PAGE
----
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Diunna Greenleaf – Trying To Hold On

Blue Mercy Records

14 tracks; 58.04 minutes

Diunna Greenleaf won the IBC in 2005 with her band Blue Mercy. Since then she has continued to operate out of her home base in Houston and has made a lot of good friends in the blues community, not least Bob Margolin who often sits in with Diunna’s band and Bob Corritore who produced some of the tracks here.

This CD is made up of three distinct recording sessions: six tracks were produced by Bob Corritore in Tempe, Arizona; three tracks were produced by Anson Funderburgh in Austin, Texas; three tracks were recorded and produced by Diunna herself in Houston. The two other tracks are one from a 2009 session in Salina, Kansas and a home recording of Diunna’s 102 year old grandmother singing acappella. However, whatever the session, Diunna’s gospel-soaked voice is the dominant force here and the variety of contexts all work for her.

The six Bob Corritore-produced tracks are at the core of the CD, so let’s start with those. Four are Diunna’s compositions. Drums are played on all those tracks by Chuck Cotton; Mookie Brill plays upright bass on two, Patrick Rynn electric bass on three; Chris James plays guitar on two tracks, Bob Margolin on five; John Rapp adds slide guitar to one track and Bob Corritore harp on four tracks.

“Be For Me” opens the CD at a gentle pace, Diunna’s voice clear as a bell over the warm double bass, guitar and harp. “Growing Up And Growing Old” is one of the longer tracks on the disc and is a gentle poem about the aging process, about how that process is one to be welcomed, not feared. Diunna’s lyrics on the great stomper “I Can’t Wait” are about the joy of playing and listening to the blues and the accompaniment certainly backs that up, with Bob Corritore’s harp to the fore, ably supported by some of Bob Margolin’s Muddy-styled slide playing.

Title track “Tryin’ To Hold On”, with its catchy chorus, is also from the Bob C sessions though Bob sits this one out, leaving the featured playing to the twin guitars of Bob M and Chris James. “I’m A Little Mixed Up”, from the pen of Betty James, is another upbeat track with Bob C wailing on harp and the twin guitars both featuring well behind Diunna’s Koko Taylor inspired vocal. The final track from the Bob C sessions is an acappella version of the traditional song “He Is Everything To Me” sung by Diunna. This follows a homespun recording of Diunna’s 102 year old grandmother singing the same tune which Diunna wanted to include to demonstrate the strong family links in her singing.

The three tracks produced by Anson Funderburgh are all terrific. Diunna wrote all three and Anson plays guitar on two of them, with Smokin’ Joe Kubek replacing him on the third. The rest of the Austin band is Wes Starr on drums, Johnny Bradley on bass, “Gentleman” John Street on keys and Ron Jones on sax. “Sunny Day Friends” takes its title from a remark made by the late Sam Myers that you need to watch out for those who only want to be your friends when things are going well. It’s a typical piece of Texas blues and it is always a joy to hear Anson’s clean guitar lines. “I Got A Notion To Leave” is not dissimilar, an upbeat shuffle with busy piano underpinning Anson’s guitar. “Taking Chances” is a slower, more intense piece, with Joe Kubek’s strong guitar ably supported by Ron Jones’ baritone sax.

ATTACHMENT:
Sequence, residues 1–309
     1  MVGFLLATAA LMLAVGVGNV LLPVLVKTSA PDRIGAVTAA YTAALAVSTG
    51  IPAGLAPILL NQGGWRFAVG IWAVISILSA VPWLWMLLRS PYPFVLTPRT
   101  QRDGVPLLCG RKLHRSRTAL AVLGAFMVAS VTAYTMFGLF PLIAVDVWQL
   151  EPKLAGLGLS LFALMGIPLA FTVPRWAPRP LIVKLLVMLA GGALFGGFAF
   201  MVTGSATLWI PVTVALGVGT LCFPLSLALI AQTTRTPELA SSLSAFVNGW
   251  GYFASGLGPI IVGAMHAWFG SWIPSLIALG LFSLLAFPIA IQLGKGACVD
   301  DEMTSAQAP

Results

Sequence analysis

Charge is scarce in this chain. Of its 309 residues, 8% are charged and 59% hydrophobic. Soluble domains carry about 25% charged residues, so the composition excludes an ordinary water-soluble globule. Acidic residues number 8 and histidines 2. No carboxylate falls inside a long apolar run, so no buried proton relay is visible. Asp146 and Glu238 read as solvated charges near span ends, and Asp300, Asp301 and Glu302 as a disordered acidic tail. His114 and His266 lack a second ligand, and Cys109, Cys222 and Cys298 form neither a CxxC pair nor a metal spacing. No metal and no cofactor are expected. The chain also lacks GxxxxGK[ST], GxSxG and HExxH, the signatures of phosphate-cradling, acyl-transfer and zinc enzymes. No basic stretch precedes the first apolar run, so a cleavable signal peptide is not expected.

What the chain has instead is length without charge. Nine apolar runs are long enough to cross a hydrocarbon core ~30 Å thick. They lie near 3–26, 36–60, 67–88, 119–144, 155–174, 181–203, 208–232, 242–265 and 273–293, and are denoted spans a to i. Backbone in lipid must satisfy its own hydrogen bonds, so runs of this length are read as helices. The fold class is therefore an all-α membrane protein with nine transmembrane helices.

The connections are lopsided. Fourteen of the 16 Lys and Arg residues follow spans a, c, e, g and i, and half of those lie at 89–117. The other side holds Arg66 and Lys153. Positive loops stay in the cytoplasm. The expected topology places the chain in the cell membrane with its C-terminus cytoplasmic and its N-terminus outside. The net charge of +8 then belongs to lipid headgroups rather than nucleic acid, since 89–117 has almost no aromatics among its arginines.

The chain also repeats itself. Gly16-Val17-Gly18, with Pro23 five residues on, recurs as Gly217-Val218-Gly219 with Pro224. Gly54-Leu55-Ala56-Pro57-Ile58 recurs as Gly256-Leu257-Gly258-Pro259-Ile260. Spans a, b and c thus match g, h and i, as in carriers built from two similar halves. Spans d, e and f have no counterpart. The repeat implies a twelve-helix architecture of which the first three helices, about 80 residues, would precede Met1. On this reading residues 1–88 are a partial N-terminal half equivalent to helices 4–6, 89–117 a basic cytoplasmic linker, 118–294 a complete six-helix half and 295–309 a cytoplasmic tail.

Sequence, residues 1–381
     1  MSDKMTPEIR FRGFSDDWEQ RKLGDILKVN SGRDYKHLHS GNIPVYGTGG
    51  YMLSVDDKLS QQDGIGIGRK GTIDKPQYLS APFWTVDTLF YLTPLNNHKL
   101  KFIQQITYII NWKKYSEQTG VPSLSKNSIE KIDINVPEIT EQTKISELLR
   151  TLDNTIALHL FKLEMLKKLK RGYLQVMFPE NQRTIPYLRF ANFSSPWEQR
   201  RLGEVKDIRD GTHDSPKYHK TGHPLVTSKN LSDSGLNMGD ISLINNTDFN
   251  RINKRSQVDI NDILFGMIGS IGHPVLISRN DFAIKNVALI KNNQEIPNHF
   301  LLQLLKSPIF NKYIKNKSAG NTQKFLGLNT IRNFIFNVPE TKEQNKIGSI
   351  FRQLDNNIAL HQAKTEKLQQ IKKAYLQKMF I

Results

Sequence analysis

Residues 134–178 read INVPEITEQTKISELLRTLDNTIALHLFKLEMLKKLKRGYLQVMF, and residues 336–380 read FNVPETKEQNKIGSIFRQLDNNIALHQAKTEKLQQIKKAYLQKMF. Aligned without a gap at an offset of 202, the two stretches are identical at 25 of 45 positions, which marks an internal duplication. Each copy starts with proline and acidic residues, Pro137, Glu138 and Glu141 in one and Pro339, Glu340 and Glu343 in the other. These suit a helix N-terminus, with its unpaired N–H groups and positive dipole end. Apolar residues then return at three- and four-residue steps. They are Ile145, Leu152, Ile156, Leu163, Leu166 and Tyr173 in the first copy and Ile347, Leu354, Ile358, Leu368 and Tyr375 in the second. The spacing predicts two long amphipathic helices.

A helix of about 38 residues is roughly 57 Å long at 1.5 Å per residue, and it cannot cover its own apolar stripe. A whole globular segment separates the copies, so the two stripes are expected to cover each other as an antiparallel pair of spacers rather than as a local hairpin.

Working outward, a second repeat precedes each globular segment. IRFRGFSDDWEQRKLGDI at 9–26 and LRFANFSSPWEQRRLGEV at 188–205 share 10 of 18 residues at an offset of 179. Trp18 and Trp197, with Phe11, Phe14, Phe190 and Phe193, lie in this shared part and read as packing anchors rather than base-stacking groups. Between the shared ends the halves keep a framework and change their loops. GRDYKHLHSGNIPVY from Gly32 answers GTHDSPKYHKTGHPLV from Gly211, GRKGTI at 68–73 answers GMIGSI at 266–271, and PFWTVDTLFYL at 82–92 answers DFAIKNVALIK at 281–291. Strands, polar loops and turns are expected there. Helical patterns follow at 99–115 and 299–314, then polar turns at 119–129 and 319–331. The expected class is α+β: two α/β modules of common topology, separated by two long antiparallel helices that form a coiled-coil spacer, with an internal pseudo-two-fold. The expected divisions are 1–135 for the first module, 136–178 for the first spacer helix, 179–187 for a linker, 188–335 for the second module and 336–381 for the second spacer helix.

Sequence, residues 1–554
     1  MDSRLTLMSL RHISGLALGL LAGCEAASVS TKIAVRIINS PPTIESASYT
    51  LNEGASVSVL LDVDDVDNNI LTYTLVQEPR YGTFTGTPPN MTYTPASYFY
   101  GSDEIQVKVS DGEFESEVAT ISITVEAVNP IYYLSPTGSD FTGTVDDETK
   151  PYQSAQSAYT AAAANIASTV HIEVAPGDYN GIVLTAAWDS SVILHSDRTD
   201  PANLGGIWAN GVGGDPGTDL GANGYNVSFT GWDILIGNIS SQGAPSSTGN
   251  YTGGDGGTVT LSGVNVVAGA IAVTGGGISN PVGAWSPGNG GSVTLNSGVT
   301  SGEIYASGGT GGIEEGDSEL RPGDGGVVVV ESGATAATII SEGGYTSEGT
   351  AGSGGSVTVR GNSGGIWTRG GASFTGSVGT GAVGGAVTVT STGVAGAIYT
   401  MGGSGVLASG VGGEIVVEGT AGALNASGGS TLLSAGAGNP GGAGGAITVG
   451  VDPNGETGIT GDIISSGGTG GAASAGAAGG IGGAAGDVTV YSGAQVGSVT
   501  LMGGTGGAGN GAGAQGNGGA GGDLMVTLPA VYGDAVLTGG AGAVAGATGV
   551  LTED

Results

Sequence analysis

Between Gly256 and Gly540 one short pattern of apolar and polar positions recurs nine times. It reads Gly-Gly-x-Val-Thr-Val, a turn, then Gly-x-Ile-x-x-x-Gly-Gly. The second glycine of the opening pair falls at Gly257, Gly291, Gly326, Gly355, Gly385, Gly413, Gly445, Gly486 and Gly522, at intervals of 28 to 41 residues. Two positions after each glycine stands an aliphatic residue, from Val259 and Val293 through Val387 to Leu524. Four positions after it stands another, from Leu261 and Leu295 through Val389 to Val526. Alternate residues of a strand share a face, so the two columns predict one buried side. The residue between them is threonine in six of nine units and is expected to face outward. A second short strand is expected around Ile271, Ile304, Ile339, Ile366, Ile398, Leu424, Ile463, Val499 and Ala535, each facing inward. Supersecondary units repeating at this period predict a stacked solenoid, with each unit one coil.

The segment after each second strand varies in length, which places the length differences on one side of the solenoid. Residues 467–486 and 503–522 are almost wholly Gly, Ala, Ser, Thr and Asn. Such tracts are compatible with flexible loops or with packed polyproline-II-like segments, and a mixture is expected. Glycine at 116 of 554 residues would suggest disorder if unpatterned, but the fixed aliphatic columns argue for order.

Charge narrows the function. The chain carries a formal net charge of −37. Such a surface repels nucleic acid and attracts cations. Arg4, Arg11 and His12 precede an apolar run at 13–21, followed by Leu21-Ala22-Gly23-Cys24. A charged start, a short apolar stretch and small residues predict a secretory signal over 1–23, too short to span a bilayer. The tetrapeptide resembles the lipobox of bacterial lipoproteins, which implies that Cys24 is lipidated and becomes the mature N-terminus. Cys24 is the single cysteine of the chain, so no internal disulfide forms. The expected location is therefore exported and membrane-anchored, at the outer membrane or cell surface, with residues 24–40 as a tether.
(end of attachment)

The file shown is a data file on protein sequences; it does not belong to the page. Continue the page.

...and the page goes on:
The three self-produced tracks all feature Vernon Daniels on drums and Joshua Preslar on bass (doubling up on guitar on two tracks). Jonn Del Toro Richardson on guitar, Billy Branch on harp and Rich Del Grosso on mandolin each play on one track. “Beautiful Hat” is led by Del Grosso’s mandolin, a jaunty gospel song about what to wear when reaching heaven – a large, beautiful hat for Diunna! “You Don’t Feel That Way About Me” is more secular, a catchy tune with lyrics expressing how all powerful love can be – unfortunately Diunna’s lover is not similarly devoted and the relationship must end. “’Cause I’m A Soldier” is a co-write between Diunna and John Del Toro Richardson, a serious song and the longest cut on the CD. The song is slow-paced and talks tellingly about the sacrifices needed to ensure peace and freedom. Jonn Richardson’s guitar is beautifully counterpoised against Billy Branch’s mournful harp and marching drums. The 2009 track is a cover of Jimmy McCracklin’s “Double Dealing”, an opportunity to hear more of Jonn Richardson’s fine playing in a tougher style, ably supported by the rhythm section of Preslar and Daniels.

This is a fine CD with a lot to enjoy, with great playing and, above all, plenty of Diunna Greenleaf’s great voice. Recommended!

Reviewer John Mitchell is a blues enthusiast based in the UK. He also travels to the States most years to see live blues music and is currently planning his trip to the Blues Blast Awards in October.

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